One example comes out of California, where fuel-cell specialist HyPoint has entered a partnership with Pennsylvania-based Piasecki Aircraft Corporation to manufacture 650-kilowatt hydrogen fuel cell systems for aircrafts. According to HyPoint, the system — scheduled for commercial availability product by 2025 — will have four times the energy density of existing lithium-ion batteries and double the specific power of existing hydrogen fuel-cell systems.

Meanwhile, Rolls-Royce is looking to smash the speed record of electrical flights with a newly designed 23-foot-long model. Christened the Spirit of Innovation, the small plane took off for the first time earlier this month and successfully managed a 15-minute long test flight. However, the company has announced plans to fly the machine faster than 300 mph (480 km/h) before the year is out, and also to sell similar propulsion systems to companies developing electrical air taxis or small commuter planes.

New aircraft designs

Airlines are also upgrading aircraft design to become more eco-friendly. Air France just received its first upgrade of a single-aisle, medium-haul aircraft in 33 years. Fleet director Nicolas Bertrand told French daily Les Echos that the new A220 — that will replace the old A320 model — will reduce operating costs by 10%, fuel consumption and CO2 emissions by 20% and noise footprint by 34%.

International first class will be very nearly a thing of the past.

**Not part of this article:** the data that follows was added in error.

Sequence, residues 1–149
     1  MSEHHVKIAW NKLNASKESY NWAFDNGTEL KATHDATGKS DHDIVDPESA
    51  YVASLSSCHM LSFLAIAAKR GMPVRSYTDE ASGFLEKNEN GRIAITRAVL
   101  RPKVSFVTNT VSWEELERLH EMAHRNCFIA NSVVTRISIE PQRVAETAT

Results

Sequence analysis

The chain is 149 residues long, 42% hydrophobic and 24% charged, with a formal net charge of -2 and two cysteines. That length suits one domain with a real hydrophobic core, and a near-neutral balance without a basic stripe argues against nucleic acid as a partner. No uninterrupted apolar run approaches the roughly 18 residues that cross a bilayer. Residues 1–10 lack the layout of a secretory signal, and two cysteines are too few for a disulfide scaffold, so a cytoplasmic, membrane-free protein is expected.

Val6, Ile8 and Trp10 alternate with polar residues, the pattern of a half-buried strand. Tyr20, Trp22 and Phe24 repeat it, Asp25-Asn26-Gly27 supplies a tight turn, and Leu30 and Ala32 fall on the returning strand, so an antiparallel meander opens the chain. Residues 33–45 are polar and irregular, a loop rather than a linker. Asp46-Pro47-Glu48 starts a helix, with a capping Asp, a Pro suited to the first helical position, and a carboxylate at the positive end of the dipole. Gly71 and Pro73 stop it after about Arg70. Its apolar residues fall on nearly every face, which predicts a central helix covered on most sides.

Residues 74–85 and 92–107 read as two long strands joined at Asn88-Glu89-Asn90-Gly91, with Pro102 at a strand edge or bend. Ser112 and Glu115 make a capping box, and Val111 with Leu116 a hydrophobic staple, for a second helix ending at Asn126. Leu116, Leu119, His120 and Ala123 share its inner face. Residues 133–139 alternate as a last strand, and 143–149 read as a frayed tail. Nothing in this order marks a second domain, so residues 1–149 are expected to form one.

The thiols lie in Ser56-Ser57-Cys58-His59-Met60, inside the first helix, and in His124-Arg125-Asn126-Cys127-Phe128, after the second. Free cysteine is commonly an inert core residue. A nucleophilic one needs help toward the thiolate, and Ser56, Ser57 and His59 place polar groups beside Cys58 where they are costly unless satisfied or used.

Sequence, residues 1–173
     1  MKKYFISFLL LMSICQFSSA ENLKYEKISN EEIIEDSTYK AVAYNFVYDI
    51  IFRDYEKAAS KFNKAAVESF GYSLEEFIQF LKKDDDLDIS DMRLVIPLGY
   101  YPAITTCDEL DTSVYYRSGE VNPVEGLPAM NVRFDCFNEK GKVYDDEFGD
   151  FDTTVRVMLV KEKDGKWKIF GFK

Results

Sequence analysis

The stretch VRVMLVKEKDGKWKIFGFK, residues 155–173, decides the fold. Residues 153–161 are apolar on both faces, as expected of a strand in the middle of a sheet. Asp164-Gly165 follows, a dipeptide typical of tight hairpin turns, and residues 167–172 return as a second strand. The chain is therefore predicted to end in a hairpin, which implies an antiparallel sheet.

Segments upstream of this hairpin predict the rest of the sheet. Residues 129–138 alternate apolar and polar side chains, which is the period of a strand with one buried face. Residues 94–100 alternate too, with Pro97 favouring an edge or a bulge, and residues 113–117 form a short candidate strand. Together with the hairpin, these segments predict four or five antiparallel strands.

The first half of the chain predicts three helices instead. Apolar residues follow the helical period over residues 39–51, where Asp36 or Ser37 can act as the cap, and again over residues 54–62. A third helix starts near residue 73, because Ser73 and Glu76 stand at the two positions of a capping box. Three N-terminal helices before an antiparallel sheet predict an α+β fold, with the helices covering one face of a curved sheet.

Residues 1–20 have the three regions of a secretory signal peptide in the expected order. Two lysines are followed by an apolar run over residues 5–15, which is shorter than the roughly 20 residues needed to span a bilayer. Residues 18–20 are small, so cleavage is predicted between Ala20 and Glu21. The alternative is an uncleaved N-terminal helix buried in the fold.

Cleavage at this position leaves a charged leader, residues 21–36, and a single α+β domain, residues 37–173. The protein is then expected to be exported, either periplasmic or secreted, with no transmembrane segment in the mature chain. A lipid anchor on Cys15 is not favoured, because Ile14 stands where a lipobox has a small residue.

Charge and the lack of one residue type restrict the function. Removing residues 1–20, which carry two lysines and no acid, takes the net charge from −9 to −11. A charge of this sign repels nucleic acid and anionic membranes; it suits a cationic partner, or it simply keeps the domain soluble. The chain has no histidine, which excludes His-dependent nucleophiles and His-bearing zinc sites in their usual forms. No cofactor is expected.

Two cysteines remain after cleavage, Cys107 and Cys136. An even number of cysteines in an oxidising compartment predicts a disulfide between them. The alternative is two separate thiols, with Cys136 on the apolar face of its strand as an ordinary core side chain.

The pandemic has also ushered in a new era of consumer demand where privacy and personal space is put above luxury. The retirement of older aircraft caused by COVID-19 means that international first class — already in steady decline over the last decades — will be very nearly a thing of the past. Instead, airplane manufacturers around the world (including Delta, China Eastern, JetBlue, British Airways and Shanghai Airlines) are betting on a new generation of super-business minisuites where passengers have a privacy door. The idea, which was introduced by Qatar Airways in 2017, is to offer more personal space than in regular business class but without the lavishness of first class.

Aerial view of Rome's Fiumicino airport

Aerial view of Rome's Fiumicino airport

Hygiene rankings  

Rome's Fiumicino Airport has become the first in the world to earn "the COVID-19 5-Star Airport Rating" from Skytrax, an international airline and airport review and ranking site, Italian daily La Repubblica reports. Skytrax, which publishes a yearly annual ranking of the world's best airports and issues the World Airport Awards, this year created a second list to specifically call out airports with the best health and hygiene standards.

Smoother check-in